E-sports history project

Over the years I’ve been fortunate to get to run several e-sports workshops that have brought in key folks in the scene to discuss critical issues. The first, called E-sports and Cyberathleticism (I know I know, forgive that “cyber” bit!)  was co-run in 2009 at Stanford (while I was on sabbatical there) with the fantastic historian and archivist Henry Lowood and artist and scholar Matteo Bittanti. I’d been working on researching the scene since 2003 and this was the first time I got to be a bit more pro-active and structure and event around some of the amazing people I had met… or wanted to ;)  You can see from the program we had a fantastic line-up and though the audio had been lost in my archives all these years, I finally dug it up and have now put it on YouTube for those who really want a bit of a blast from the past.

The second of these events (the “European Edition” in 2010) was held at the IT University in Copenhagen (where I used to be a professor) and we co-organized with one of the smartest e-sports researchers around, Emma Witkowski. It was held in tandem with a PhD course we were running on the subject and once again we were able to get together some fantastic people to join us for an amazing day of conversation. Those videos were up for many years via an ITU hosted page then poofed. I’ve now also put them back online, this time at YouTube, so everyone can get a chance to see that discussion.

I’m increasingly interested in making sure e-sports history isn’t lost, especially given how much folks seem to think these days that the scene only appeared post LoL and Twitch ;)

Visit my YouTube page to check out the audio and video from two fantastic events with some real industry founders.

Twitch Creative launch interview

I was happy to get a chance to talk to Nora Young again over at the CBC’s Spark program about the recent launch of Twitch Creative. There have been a lot of interesting channels percolating on the platform that go beyond the bounds of strict gameplay and Twitch seems to be slowly integrating them. From game devs to musicians to now “creatives,” the platform seems to be becoming a home to lots of folks who like sharing their processes.

CBC Interview

Chronicle on collegiate e-sports

I was quoted in a short piece at the Chronicle of Higher Ed on the emerging collegiate e-sports scene. I found it interesting that what I think of as the newspaper for academics was taking this up.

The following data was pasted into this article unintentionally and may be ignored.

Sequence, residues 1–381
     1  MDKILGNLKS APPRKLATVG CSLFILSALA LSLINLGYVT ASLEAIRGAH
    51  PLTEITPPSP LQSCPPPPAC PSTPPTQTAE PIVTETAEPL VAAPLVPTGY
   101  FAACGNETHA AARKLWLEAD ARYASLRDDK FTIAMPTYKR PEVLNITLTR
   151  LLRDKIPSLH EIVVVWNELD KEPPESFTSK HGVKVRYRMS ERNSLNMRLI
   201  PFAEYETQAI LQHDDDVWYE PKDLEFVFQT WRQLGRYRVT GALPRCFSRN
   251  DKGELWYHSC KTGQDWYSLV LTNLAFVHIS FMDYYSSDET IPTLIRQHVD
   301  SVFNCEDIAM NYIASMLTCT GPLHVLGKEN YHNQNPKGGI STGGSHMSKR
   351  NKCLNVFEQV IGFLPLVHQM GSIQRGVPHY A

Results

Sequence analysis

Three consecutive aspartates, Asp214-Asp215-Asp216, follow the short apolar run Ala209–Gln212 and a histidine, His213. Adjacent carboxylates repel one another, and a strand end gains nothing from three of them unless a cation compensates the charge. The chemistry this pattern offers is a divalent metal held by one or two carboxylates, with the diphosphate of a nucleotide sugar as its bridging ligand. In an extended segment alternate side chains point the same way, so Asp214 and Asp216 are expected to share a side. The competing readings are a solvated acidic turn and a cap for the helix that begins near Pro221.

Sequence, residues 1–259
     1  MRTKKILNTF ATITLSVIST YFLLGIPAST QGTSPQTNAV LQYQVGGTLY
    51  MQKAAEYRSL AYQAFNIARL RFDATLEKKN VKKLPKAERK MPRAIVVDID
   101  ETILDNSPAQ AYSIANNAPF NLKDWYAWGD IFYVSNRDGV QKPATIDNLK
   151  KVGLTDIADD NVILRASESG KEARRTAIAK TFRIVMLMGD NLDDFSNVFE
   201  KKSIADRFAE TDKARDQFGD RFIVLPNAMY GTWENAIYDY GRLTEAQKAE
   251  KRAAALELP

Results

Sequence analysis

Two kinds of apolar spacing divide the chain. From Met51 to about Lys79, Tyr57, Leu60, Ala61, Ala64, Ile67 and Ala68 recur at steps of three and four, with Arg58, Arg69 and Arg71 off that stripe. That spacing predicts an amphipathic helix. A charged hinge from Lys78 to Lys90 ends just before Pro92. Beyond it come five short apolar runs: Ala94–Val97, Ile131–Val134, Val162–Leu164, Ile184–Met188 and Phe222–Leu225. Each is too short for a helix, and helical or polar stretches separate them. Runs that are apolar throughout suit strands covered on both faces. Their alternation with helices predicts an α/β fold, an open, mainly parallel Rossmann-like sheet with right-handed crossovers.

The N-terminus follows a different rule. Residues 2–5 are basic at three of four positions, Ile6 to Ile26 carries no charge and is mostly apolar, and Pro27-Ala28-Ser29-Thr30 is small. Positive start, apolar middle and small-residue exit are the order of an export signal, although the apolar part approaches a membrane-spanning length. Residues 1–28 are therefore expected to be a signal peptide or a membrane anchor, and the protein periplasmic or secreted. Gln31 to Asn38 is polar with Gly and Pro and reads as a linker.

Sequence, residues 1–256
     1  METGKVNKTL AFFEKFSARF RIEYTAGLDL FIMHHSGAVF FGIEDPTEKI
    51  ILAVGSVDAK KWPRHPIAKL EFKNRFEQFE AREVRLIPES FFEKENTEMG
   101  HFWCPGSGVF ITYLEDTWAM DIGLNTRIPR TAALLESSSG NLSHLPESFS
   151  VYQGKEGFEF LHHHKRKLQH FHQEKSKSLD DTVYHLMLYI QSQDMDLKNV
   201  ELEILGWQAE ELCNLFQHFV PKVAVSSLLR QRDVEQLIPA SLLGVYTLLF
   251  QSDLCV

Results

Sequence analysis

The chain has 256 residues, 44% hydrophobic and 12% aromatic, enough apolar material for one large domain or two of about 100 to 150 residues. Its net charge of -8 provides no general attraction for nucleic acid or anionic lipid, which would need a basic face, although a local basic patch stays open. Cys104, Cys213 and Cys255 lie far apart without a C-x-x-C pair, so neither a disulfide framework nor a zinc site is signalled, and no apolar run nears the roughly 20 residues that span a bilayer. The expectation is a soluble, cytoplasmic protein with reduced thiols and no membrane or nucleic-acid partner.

One clarification from the piece, I do actually think gaming in college spaces is growing, my point to the reporter was more wanting to highlight that playing computer games on campus has long been a part of student life and we’re now seeing that get formalized (something Jesse Sell and I also discussed in our GDC lecture on the subject last year).

How videogames are becoming university-approved sports

Women in e-sports

We’ve seen big growth in e-sports in the last several years as platforms like Twitch have made it much easier to both broadcast and spectate, easier to become a fan or perhaps even imagine yourself competing one day. Growth moments are opportunities to look back at history and think about where we are going. Part of the history we want us to keep in mind, especially as we think about the future of the scene, is the active role of women in it since the beginning

Yup, I know this may seem surprising to some but it’s true! I put a question out on Twitter several months ago asking people to chime in with names of notable women in e-sports. What was fantastic was not only how many names people gave me — that list broke a hundred within about 48 hours — but that they ranged from contemporary figures to those that broke ground over a decade ago. Current players like like Scarlett, TempoEloise, or MissHarvey, to broadcasters like Lauren Scott, Anna Prosser Robinson, Sue Lee, or Eefje Depoortere were mentioned. Women like Mona Zhang who helped launch the Collegiate Star League (a key anchor for current collegiate e-sports), TossGirl (an amazing SC competitor), or Kat (Hunter) Metzen and Vanessa Arteaga (both involved in early attempts to bring e-sports to mass audiences) and numerous others who managed teams or help build local scenes were also highlighted.

Women have been involved in e-sports in a variety of ways – from players to “backstage” work – since the beginning. One of the most important things to think about right now is how to grow this powerful seed of women’s participation in e-sports and competitive gaming go build a stronger, healthier scene.

This is an exciting moment. Think about the conversation and energy that drove the tremendous change we’ve seen in women’s participation in traditional sports over just the last 40 years. Or what we are seeing now with women wanting to really be a part of the Twitch community. There’s tremendous opportunity!

I was incredibly excited to, with my partner-in-crime Morgan Romine, bring a panel on women in e-sports to TwitchCon to explore some of these issues. We had amazing ground-breakers speaking: Amy Brady (Director of Global Events, Twitch), Kim Phan (Sr. Manager, E-sports at Blizzard ), Rachel “Seltzer” Quirico (e-sports host and interviewer), and Rumay “Hafu” Wang (multi-game pro player).

You can watch a VOD of it now.

Stay tuned too for more on the women in e-sports history project I’m brewing up!